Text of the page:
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New rules apply to banks for charging overdraft fees
Here's BusinessWeek on the Consumer Financial Protection Bureau's decision to instigate a new probe of bank overdraft fees:
In November 2009, the Federal Reserve moved to rein in the high fees that banks charged consumers who overdrew their accounts when making debit-card purchases or withdrawing cash from an ATM....
In theory, that should have dealt a major blow to the overdraft business.... [But] overdraft fee revenue to banks from ATM and retail purchases was still on track to top $16 billion last year, just a 16 percent drop from its peak in 2009, according to Moebs Services, a banking consultancy. The rates are still so high in part because many banks launched aggressive marketing campaigns to get customers to sign up, with letters, calls, and e-mails that at times were alarmist warnings of what would happen if you didn’t opt in.
Bankers, for their part, say it wasn’t marketing that led consumers to sign up—it’s because consumers want the ability to overdraw their accounts in a pinch. “This can be a way of getting piece of mind,” says the American Bankers Association’s Richard Riese. He says even if a consumer didn’t fully understand the overdraft fees when he signed up, he’d get notice of the fee on a monthly statement and could opt out at any time. “The light bulb would have gone off real fast if it wasn’t what they wanted,” he says.
"Black Swan" encapsulates in a ballet the improbable arrival of the rare bird — and event that's become a source of great concern to companies.
I just came across this Booz & Co. white paper by Matthew Le Merle, a partner in the firm's San Francisco office. Titled "Are You Ready for a Black Swan? Stress-Testing the Enterprise with Disrupter Analysis," it expands on Nassim Nicholas Taleb's book, "The Black Swan," in which Taleb outlined the dreaded black-sawn event. In a nutshell, a black swan shocking and impactful, but — and this is a big but — it's rationalized after the fact. If we had known X,Y,Z, we could have seen it coming.
The general assumption is that black swans are rare. At one point in human history, people weren't sure black swans even existed. However, in terms of the Talebian metaphor, black swan events are supposed to be infrequent. But La Merle points out that, for various reasons, we could be looking at a future that features flocks of black swans:
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MILWAUKEE, WI - FEBRUARY 15: U.S. President Barack Obama speaks to workers at the Master Lock factory on February 15, 2012 in Milwaukee, Wisconsin. Obama applauded the company, which he cited in his State of the Union address, for bringing back 100 jobs to the U.S. from China. (Photo by Scott Olson/Getty Images)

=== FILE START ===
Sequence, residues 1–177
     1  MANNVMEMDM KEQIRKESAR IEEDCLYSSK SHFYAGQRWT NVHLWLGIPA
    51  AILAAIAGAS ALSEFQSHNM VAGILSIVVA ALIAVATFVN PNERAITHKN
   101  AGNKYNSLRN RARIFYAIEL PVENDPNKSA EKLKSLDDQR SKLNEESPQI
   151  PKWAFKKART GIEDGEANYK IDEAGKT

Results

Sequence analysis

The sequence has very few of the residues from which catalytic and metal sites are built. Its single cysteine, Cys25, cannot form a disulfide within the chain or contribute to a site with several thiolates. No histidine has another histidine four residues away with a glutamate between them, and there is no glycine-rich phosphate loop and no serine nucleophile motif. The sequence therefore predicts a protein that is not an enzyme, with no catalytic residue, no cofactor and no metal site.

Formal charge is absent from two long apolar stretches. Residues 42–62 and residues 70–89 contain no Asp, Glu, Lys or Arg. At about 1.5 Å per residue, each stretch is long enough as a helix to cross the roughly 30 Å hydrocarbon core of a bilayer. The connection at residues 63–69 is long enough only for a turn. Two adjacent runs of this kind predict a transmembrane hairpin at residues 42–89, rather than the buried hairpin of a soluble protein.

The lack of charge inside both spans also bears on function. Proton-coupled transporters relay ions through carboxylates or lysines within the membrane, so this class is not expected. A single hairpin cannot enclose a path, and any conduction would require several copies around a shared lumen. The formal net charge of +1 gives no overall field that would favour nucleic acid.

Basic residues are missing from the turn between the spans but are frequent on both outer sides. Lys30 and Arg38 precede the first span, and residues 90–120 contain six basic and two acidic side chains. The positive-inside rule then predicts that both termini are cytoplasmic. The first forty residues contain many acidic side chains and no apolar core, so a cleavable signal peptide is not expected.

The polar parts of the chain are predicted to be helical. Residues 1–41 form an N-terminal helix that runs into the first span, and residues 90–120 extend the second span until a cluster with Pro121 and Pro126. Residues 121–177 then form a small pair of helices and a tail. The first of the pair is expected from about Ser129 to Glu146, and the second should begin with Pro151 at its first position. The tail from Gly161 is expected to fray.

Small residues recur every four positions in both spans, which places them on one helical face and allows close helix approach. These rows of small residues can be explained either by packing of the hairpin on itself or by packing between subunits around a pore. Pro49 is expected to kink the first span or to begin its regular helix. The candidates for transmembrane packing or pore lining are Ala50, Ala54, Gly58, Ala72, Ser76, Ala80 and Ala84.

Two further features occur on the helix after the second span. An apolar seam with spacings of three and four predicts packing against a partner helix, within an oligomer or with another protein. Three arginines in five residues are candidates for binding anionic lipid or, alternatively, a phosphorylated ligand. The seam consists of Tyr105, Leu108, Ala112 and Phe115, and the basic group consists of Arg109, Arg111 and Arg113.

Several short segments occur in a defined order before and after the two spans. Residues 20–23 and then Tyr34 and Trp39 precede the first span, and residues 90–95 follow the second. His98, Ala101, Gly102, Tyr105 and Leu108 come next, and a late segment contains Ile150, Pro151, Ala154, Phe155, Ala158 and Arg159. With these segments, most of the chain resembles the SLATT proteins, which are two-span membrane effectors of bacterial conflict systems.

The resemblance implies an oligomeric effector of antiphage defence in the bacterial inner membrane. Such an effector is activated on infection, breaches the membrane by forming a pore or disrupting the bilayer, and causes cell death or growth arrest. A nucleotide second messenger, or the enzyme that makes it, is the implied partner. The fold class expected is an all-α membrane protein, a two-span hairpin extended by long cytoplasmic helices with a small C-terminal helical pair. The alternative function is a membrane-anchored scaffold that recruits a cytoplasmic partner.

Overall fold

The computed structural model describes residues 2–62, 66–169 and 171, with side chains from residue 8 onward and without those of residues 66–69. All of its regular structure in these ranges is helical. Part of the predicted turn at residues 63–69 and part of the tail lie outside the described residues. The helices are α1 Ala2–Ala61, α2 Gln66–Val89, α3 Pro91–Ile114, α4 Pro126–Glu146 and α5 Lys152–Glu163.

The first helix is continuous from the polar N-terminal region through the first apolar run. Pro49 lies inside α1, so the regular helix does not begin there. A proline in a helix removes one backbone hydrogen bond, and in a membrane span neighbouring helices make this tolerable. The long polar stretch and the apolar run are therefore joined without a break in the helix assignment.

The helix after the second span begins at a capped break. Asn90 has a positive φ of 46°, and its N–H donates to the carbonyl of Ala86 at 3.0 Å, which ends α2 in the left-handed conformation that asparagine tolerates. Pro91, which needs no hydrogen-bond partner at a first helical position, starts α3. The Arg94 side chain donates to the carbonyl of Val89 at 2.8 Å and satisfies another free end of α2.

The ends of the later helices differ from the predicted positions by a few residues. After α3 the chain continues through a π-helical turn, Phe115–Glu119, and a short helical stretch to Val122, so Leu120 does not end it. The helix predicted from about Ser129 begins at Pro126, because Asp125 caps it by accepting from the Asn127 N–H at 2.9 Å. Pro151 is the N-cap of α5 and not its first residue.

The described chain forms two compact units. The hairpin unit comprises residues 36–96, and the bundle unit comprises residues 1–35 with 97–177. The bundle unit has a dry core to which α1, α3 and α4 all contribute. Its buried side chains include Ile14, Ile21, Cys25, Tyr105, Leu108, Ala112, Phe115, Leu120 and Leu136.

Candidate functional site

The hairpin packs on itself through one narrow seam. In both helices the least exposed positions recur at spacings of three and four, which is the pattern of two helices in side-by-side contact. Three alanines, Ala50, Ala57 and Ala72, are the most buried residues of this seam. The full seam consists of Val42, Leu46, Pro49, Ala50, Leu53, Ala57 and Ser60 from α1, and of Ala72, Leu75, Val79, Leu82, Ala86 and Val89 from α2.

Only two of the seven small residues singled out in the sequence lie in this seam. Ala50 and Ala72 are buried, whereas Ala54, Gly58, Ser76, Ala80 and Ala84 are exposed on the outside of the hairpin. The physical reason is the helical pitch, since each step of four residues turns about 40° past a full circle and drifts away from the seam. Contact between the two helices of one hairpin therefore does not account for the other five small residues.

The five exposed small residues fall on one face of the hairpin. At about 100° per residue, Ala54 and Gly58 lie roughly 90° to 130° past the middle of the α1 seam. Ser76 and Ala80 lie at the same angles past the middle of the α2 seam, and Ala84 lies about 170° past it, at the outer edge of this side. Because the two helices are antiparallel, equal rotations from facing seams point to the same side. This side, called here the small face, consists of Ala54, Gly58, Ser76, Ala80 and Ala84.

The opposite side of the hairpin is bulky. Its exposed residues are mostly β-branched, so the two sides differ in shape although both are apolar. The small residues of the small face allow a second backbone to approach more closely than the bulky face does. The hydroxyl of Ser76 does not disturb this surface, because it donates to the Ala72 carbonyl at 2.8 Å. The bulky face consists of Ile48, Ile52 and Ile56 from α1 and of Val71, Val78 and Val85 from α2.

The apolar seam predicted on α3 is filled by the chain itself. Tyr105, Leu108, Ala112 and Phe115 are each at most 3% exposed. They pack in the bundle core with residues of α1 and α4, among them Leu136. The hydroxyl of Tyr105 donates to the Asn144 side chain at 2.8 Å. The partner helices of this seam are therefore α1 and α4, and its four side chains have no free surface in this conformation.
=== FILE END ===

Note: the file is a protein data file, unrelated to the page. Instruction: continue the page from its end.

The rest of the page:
The Obama administration has come out with a proposed cut to corporate taxes, from the current 35 percent to 28. The White House says the cut would be "revenue neutral," meaning that whatever revenue is lost in that 7 percent solution would be made up by eliminating tax breaks and loopholes.
Republicans are allowed to like this — but not too much. Their pool of candidates all want to cut corporate taxes as well, but by larger margins than Obama. Mitt Romney wants 25 percent, while Gingrich, Santorum, and Ron Paul all want to go lower. Paul, in fact, wants to cut corporate taxes down to 15 percent.
Romney's plan is the only realistic alternative to Obama's. Which raises the question: "Will Republicans and Democrats really fight it out over three percent?"
Of course they will, and it may come down to who's plan is really the more "revenue neutral." On its face, Obama's is, while Romney can't get his additional three percent without cutting spending. You can see the difference: Obama's plan gives with one hand but takes with the other; Romney's gives and then gives some more, by using corporate taxation — or lack of it — to reduce the size of government.
Then General Motors, the company that builds the Volt, took the high ground in a post titled "We Did Not Engineer the Volt to Be a Political Punching Bag." The company — famously bailed out by a combination of the Bush and Obama administrations, the pushed through bankruptcy before emerging as a serially profitable enterprise — pointed out that you can put a gun rack in a Volt, but asked why you would want to. It's a durn sedan, after all.
The chap above set out to prove Gingrich wrong, quote literally. What's impressive here is not just that you can install a gun rack in a Volt, but that you can install one in about half an hour using $7 in materials.
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The Google logo is seen at the Google headquarters in Mountain View, California. on September 2, 2011. AFP PHOTO/KIMIHIRO HOSHINO (Photo credit should read KIMIHIRO HOSHINO/AFP/Getty Images)
Eyeglasses. They're just so stupid, sitting there on your face, enabling you to do little more than see better and, in certain chunky black Buddy Holly-esque cases, branding you as a probable resident of Williamsburg, Brooklyn. But Google plans to change all that, with "heads up display glasses," according to the New York Times' Nick Bilton:
The glasses will send data to the cloud and then use things like Google Latitude to share location, Google Goggles to search images and figure out what is being looked at, and Google Maps to show other things nearby, the Google employee said. “You will be able to check in to locations with your friends through the glasses,” they added.
Everyone I spoke with who was familiar with the project repeatedly said that Google was not thinking about potential business models with the new glasses. Instead, they said, Google sees the project as an experiment that anyone will be able to join. If consumers take to the glasses when they are released later this year, then Google will explore possible revenue streams.